4:30 pm Louis has finished his interview and we finally refuel. He points out that if nothing else we did save money today, because we didn’t eat lunch. And then we load up our bags and go to find the place that I’m working the next day, a job that I’m not entirely at liberty to discus as it caters to London’s top 1%. As we’re walking there we pass through what must be the Ancient Art District. We see at least three ancient art dealerships. Not galleries, but places where you can BUY a piece of HISTORY. Greek vases that are thousands of years old, that people are going to put on their mantle. We look around for a bit, vow to live there one day, and press on.

I then get to experience public transportation during rush hour.

Interesting tidbit #3: London has adapted to not having warm weather by the use of public transportation. Essentially the buses and trains are mobile furnaces available to everyone! Especially between the hours of 7-9 am and 5-7 pm when simply going down the stairs can cause you to break a sweat.

It wouldn’t have been so bad if we didn’t have those damn backpacks with us still.

7:00 pm Although our initial plan was to go to the hostel earlier in the day to put our backpacks in a locker, we don’t make it there until 7. And so obviously our shoulders are killing us. We check in, take a quick look around the lobby, throw our backpacks in yet another storage locker, and quickly get back to the bus stop to go across town to meet our landlord at 8, which is also the time that the Arsenal game kicks off. In a frenzied state we (mostly Lou, I was unfortunately helpless and without technology the entire trip) try to figure out what mode of transportation to take, and hop on the first bus that comes through.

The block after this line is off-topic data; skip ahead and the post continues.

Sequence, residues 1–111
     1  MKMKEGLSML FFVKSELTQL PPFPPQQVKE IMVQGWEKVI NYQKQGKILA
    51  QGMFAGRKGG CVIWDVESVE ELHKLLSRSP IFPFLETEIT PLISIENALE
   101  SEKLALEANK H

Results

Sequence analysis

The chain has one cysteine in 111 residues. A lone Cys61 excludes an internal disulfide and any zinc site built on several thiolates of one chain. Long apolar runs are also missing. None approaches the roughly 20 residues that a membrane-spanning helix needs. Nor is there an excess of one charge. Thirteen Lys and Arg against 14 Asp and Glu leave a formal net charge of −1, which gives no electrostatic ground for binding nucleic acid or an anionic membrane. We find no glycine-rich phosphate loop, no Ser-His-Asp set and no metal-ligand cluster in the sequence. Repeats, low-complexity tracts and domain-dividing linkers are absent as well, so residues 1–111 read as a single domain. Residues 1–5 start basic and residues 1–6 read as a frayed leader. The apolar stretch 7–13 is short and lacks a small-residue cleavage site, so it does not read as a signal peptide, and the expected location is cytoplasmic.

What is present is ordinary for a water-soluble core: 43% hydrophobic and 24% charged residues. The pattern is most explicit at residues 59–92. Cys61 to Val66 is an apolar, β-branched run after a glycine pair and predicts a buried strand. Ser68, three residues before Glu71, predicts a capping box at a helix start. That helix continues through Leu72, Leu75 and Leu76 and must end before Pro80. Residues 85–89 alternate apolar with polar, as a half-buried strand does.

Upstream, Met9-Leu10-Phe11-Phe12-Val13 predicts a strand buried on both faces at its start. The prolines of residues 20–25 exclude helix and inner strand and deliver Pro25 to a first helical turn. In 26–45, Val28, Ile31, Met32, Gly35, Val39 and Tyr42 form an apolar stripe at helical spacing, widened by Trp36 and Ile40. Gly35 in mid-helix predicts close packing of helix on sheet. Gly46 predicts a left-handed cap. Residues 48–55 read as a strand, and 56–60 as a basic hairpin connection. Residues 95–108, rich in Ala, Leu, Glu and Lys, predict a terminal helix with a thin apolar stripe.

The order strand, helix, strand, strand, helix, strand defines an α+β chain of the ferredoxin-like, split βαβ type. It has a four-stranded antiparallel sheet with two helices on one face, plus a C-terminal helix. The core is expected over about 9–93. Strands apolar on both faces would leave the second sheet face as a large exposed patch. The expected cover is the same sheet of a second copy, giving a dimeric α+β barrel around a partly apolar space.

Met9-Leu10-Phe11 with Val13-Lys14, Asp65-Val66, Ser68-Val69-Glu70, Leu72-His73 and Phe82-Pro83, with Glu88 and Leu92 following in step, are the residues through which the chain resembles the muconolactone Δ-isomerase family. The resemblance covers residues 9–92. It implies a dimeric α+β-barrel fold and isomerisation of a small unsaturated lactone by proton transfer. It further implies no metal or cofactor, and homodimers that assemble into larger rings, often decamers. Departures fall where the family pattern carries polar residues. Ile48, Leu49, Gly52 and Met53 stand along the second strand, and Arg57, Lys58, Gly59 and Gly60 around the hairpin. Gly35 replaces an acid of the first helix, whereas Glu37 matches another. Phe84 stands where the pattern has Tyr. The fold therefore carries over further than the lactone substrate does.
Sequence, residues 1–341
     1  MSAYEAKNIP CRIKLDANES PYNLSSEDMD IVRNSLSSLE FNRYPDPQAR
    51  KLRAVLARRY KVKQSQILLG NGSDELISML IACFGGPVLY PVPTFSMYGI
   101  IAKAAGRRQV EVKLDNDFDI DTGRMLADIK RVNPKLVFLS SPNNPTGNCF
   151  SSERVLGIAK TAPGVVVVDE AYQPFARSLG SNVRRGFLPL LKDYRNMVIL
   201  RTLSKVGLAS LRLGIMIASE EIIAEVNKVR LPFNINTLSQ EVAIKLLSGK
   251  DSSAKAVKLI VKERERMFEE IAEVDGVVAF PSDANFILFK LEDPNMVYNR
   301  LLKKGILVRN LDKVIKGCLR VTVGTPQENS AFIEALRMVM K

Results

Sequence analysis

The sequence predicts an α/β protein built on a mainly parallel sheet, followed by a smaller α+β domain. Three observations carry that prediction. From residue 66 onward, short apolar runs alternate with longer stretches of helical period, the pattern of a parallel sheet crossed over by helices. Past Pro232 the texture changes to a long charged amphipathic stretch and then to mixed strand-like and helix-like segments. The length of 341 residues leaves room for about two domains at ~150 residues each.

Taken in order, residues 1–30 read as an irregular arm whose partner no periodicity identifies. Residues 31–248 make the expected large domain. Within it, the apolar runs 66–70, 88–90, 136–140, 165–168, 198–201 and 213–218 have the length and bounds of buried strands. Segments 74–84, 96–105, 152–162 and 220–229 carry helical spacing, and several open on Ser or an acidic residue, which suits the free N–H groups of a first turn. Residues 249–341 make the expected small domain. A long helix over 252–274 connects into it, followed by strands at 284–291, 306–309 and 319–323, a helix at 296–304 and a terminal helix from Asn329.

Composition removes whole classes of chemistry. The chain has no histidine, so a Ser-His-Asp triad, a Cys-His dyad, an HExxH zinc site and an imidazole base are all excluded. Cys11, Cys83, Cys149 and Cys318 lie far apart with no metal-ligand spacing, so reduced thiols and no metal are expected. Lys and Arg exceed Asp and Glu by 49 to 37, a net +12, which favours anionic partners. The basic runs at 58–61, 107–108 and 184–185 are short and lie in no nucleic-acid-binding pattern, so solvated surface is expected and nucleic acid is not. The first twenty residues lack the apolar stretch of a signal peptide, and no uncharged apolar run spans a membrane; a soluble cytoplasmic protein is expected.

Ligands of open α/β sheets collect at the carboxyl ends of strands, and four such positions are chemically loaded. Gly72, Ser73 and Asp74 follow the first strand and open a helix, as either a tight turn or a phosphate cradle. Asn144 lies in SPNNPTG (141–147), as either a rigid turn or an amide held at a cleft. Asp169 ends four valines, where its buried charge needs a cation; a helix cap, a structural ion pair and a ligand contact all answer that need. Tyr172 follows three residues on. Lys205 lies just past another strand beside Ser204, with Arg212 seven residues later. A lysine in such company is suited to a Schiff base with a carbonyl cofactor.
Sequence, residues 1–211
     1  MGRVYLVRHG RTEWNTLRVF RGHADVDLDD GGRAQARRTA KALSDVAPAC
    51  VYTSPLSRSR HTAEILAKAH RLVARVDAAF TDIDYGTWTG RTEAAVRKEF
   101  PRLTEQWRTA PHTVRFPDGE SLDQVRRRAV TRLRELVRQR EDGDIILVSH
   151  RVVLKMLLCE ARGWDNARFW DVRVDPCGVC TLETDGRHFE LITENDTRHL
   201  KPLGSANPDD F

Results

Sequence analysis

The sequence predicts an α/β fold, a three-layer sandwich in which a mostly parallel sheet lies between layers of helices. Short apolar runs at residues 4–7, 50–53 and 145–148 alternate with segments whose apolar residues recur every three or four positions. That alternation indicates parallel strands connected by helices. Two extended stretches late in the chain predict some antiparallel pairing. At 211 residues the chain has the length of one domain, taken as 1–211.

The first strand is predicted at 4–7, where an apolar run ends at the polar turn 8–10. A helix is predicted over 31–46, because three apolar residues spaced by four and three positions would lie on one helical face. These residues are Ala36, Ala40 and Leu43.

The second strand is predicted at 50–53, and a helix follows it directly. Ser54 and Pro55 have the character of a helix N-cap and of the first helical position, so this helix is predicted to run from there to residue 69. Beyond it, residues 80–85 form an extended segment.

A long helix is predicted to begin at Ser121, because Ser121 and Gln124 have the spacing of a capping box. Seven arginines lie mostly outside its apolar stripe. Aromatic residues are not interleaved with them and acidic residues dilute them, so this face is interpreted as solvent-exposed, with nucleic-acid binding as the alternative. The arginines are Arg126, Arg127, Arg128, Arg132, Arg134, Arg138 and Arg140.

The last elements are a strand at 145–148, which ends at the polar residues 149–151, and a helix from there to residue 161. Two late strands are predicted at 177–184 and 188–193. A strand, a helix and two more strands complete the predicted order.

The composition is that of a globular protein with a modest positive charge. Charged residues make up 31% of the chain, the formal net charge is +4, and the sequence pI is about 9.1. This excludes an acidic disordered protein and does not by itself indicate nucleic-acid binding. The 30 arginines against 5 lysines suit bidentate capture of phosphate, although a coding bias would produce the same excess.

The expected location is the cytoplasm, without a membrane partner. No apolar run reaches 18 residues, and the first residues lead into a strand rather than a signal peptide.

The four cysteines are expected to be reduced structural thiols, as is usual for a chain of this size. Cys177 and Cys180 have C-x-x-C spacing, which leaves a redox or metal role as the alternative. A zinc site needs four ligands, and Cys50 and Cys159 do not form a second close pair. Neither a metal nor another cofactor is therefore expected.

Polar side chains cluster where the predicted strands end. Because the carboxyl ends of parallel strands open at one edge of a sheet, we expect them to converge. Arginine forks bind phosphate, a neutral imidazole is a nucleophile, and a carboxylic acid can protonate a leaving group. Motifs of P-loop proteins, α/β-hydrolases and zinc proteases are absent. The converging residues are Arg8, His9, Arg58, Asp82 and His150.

7:45 pm This time we get off at the bus stop closest to our destination and have a minute to look around. It is a beautiful area, right off the Thames River. Our landlord pulls up not a moment too soon; Lou’s phone dies as soon as he gets there. At this point I get to see our new flat. And it is perfect. There are no other words. He did a really good job finding it. Sign, Sign, Sign and we’re on our way to find a pub.

8:50 pm We’ve wandered for a while. As I mentioned in my last post, most pubs don’t have TVs. So we popped into a couple to ask if they knew the closest place that did. The first bartender’s directions were to “go to the main road…”. The main road? In London? Really? Hopefully someone in this city can give decent directions. We arrive at the Adam and Eve right after half time and get to see Arsenal win. Then we decide to head back to the hostel and get a good night’s sleep because tomorrow is a busy day for both of us.

11:30 pm By this time we’ve learned that even when you’re in a rush, if you’re leaving a place that you will eventually have to get back to, it is beneficial to take a second to look around and establish what the closest bus/tube stop is called, or even what street it’s on (which, as I established, is not the easiest task). Truly, I don’t know how people got around the city (or anywhere) without GPS and Internet. We certainly didn’t.

We got on and off the same bus at least 6 times. We got on and decided that we were going the wrong direction, so we got off and got on the same bus going the opposite way. That happened again. Then we got off and thought that we got off too early. Even though I insisted that I had recognized a building (I was told later that I didn’t insist hard enough…), a big green building (pictured above) near the hostel, which we had just passed on the train. So we got on again. Then we went across the river and knew ohhhh no we weren’t across the river.